Giving back just drives some people, whatever the motivation. For Stuart Smith of Ohio-based Ground Water Science, that motivation comes from his faith. His giving back started as charity work through church connections. It evolved into him putting his groundwater problem-solving skills to work planning and managing water infrastructure projects in Tanzania.
Smith, MS, CGWP, RG, serves as the U.S.-based partner of Ground+Water Tanzania Ltd. With Naftal Mandi, MPH, MBA, as the partner on the Tanzania side, the company does water system planning, construction and inspection, geophysical surveys, and pumping tests.
While Ground+Water Tanzania Ltd. is a company, not a non-profit, they’re committed to providing services at a reasonable cost using a “Tanzanian first” approach to expertise on all projects. Smith, a veteran hydrogeologist and groundwater consultant came on our Drilling In-Site video and podcast series to discuss what he calls his “life of slime.” (Click here to see the full video, or here to listen to the podcast.) This is an edited summary of the talk.
Q. Tell us about your role working overseas. What motivates that work, and how did you choose the areas of Africa you work in?
A. That was somewhat indirect. I’m a Lutheran Christian and our churches in northwest Ohio at that time were linked with the Dodoma Diocese in central Tanzania. So some of us went there to visit — I first visited in 1999. … Dodoma one of those high, dry places, sort of like New Mexico, quite a bit like that. So water, of course, is an issue. You get to know people and start talking and discussing, and then I was advising on water projects from a distance independently for a while. My current business partner asked me to get involved in managing water projects about 2012 or so, and we that’s how I got connected with that. I only work [overseas] in Tanzania. I haven’t worked anywhere else other than sort of tangentially. That may change, but it’s a big enough country in its own right.
Q. Let’s compare and contrast working in Tanzania versus the United States. What challenges do you see there, for example in hiring or technology, that U.S.-based drillers would immediately relate to?
A. There’s a lot of it that’s actually quite similar to, particularly, the parts of the United States in which everything is spread out. Low population density where it’s not unusual to go 400, 500 miles to go get a drilling tool or something. It’s not actually that unusual and the logistical supply train is better than you would think it would be because of the international connections there. You do have to plan out everything. It’s a long ways between everything. So it’s a six- or eight-hour drive plus two hours sitting in traffic at Dar es Salaam if you have to go down there for something. You don’t want to forget anything when you go out to the jobsite. Maybe this is the only time of year you can ford that river to get over there, so you had better get it done before the floods come up back up again. It’s that kind of situation.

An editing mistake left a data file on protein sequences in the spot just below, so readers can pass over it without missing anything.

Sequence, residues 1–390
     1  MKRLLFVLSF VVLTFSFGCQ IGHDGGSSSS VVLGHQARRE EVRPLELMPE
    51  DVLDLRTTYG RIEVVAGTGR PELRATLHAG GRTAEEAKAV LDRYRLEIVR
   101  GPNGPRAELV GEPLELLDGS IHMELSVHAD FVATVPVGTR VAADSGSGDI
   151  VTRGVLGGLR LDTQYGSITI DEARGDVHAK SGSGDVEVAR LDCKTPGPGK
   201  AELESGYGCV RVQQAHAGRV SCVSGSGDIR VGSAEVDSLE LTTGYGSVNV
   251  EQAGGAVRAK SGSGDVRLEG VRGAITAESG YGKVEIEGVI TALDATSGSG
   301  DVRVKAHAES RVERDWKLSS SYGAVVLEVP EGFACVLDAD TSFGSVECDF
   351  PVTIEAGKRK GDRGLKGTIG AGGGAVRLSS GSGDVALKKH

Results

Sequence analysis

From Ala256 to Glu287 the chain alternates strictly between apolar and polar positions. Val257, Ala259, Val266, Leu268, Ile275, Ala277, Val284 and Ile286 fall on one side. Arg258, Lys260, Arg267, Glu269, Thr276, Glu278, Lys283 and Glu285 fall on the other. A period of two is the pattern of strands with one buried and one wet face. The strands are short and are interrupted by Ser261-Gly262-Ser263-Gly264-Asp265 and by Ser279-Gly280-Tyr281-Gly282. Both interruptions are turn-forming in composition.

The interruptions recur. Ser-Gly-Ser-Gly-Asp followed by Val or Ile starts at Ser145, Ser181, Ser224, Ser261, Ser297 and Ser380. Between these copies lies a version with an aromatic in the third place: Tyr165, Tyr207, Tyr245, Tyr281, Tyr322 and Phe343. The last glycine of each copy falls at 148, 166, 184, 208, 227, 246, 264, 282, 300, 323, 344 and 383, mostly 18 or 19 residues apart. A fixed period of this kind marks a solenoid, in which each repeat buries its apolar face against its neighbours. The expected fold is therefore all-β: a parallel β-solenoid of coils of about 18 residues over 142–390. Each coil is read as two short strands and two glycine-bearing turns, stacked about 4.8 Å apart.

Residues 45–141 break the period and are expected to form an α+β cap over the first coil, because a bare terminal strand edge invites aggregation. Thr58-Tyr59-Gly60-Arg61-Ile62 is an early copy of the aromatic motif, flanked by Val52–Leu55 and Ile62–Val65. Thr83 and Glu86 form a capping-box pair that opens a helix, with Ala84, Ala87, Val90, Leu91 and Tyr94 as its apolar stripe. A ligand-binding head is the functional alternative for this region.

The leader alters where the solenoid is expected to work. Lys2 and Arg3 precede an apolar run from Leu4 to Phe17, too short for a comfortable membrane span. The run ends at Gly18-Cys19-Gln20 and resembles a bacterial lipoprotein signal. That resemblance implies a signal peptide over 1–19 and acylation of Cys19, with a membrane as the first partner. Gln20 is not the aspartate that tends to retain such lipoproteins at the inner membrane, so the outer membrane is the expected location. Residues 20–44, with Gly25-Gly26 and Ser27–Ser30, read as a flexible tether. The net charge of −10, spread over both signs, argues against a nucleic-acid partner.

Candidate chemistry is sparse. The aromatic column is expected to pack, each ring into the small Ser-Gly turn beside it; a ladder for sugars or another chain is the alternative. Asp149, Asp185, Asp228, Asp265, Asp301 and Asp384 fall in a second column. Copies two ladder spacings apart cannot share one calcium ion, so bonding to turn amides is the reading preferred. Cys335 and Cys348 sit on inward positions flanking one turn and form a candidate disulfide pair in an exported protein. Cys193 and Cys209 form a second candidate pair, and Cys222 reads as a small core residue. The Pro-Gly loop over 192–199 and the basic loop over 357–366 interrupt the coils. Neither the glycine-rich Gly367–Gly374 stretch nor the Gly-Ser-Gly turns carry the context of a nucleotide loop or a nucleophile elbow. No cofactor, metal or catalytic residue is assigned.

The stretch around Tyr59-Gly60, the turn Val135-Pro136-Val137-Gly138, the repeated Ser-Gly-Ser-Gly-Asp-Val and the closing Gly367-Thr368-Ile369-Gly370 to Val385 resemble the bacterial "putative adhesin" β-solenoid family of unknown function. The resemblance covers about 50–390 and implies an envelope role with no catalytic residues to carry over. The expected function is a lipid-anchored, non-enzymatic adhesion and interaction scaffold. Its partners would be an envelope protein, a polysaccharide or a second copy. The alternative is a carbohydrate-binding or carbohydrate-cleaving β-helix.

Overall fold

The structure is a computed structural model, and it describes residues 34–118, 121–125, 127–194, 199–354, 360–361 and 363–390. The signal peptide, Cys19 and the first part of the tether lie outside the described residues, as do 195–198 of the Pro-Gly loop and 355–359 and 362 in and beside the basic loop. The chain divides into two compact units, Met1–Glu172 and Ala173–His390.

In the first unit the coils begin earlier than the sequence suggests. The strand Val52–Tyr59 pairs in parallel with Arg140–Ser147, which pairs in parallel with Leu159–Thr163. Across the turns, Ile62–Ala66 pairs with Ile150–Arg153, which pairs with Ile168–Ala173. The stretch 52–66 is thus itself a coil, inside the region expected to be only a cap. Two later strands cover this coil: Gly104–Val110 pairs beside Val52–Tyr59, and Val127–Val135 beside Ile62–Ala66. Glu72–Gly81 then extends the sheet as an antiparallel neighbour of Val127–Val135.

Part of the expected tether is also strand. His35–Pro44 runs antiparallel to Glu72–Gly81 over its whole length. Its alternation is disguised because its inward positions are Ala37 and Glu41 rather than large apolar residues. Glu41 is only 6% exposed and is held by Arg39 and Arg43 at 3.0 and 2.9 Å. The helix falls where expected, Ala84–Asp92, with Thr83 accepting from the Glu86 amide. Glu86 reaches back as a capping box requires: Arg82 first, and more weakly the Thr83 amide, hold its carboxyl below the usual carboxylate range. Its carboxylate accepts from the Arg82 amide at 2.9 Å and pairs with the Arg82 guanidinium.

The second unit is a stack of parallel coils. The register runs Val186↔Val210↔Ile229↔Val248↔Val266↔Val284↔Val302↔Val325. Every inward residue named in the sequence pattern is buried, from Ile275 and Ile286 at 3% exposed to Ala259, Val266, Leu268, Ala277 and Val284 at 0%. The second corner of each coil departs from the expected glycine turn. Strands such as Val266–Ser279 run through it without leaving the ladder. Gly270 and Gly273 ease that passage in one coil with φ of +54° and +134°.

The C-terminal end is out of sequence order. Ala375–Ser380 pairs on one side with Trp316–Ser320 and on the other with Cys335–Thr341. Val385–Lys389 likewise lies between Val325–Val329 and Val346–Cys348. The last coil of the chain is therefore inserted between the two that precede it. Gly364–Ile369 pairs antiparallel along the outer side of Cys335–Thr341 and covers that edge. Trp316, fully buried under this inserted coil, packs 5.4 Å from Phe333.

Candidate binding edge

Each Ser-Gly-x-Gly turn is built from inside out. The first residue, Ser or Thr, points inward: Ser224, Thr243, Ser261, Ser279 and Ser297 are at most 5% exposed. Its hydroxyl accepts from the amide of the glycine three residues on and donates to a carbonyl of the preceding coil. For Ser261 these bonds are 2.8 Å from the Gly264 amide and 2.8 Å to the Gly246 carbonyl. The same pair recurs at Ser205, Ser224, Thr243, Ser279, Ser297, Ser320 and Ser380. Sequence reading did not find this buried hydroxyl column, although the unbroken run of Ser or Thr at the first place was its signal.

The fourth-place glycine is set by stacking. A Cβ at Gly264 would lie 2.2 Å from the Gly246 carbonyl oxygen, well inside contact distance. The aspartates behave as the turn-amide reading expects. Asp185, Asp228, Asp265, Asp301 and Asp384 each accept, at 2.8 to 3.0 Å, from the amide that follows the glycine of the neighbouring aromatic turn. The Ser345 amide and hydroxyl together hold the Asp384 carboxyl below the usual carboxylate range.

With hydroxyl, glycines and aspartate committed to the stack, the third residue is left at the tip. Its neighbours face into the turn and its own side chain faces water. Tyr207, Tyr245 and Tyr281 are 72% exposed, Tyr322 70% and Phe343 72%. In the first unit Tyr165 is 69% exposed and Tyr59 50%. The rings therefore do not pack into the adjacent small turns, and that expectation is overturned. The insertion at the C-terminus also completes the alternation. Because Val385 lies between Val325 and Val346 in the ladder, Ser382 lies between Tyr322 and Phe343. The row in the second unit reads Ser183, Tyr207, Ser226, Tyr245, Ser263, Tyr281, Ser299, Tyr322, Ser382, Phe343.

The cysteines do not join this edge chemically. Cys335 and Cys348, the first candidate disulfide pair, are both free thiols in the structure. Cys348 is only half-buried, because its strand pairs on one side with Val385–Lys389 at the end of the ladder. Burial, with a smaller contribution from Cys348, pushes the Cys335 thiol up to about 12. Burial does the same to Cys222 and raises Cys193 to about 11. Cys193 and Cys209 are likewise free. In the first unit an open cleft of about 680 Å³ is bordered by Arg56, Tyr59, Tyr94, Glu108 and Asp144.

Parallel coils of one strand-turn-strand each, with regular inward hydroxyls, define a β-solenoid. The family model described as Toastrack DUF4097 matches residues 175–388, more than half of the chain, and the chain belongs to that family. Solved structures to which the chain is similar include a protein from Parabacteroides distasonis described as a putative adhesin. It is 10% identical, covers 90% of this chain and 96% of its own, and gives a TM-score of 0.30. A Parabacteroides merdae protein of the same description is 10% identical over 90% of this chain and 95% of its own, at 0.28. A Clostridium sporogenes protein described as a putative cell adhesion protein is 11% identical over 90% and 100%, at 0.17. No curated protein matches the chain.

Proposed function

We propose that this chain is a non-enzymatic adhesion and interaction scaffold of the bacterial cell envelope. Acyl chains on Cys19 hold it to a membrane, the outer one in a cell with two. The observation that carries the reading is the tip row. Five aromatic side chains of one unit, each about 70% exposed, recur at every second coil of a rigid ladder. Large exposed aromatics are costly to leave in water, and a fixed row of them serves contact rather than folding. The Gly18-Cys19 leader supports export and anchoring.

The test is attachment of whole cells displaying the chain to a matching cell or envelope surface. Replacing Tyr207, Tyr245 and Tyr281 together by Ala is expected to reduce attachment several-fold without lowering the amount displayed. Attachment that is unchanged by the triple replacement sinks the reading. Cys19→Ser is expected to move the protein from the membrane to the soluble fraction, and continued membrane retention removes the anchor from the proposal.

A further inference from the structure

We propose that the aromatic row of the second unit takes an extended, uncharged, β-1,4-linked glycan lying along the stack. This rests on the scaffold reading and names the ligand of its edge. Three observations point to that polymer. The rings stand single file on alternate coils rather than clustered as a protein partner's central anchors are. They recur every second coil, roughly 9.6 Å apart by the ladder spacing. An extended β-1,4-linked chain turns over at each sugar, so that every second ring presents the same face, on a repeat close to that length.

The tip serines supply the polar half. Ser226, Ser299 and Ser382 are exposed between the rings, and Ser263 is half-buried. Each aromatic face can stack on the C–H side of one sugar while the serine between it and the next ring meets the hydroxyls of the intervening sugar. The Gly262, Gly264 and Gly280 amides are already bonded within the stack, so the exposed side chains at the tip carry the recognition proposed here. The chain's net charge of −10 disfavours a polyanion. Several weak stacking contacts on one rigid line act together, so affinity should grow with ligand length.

Q. On the flipside, what challenges are unique to developing countries?
A. Tanzania, as opposed to maybe other places in Africa, is just not that difficult. It’s relatively peaceful. There’s a fuel stop everywhere where everything’s diesel. You can get stuff flown in it. It’s not like some kind of caricature of deepest, darkest Africa, despite what the State Department says. The crime rate is not exceptionally high. It’s way worse in Florid, as a far as I’m concerned.
For me, the language barrier of course is an issue. People generally speak and think in Swahili. It’s a running joke all day long in Swahili that I’m not getting, and you know what, I’m there. But then the young guys, they can rip back and forth between English and Swahili without even taking a breath. That’s really impressive for me. I mix up my bad Spanish and my bad Swahili in that little part of my brain where it goes. That’s communication.
Plus, people in the rural often just really don’t know much about the rest of the world or how things are going. It’s a contrast. Some places are very cosmopolitan. Some places are, you know, “We’ve heard there’s things called buses.” You know, that level of thing, and people walk everywhere or ride a bike or something like that. It’s a lot of contrast.
Q. Describe the types of drillers you work with. Do you bring trained professionals, or do you call on and train up local talent?
A. One of the advantages of working around Dodoma is that there’s a pool of experienced drillers that that we can rely on. For example, the Drilling and Dam Construction Agency, which is sort of quasi-private — it used to be the government drilling company, was always based there. Then there are some other church-related and so on drilling companies that have been active for a while. So Naftal Mandi, my business partner, he just chatted up some of these guys that were looking for something different, and we have an experience drilling crew. They didn’t go to school for it or anything. They just learn it. My experience with a lot of mechanical people in Tanzania is that they’re highly observant and systematic, and pick things up very quickly. So it’s not been a huge challenge to hand a brand new drilling rig over to them.
The Full Interview
We interviewed Stuart Smith for episode 24 of our Drilling In-Site series. In addition to these questions, our talk covered how to find good local log data and how a hydrologist thinks about siting wells. See the full conversation at www.thedriller.com/insite, or listen to the podcast version at www.thedriller.com/insite-podcast. Episodes also in Apple’s Podcast store. Search Drilling In-Site and tap Subscribe.
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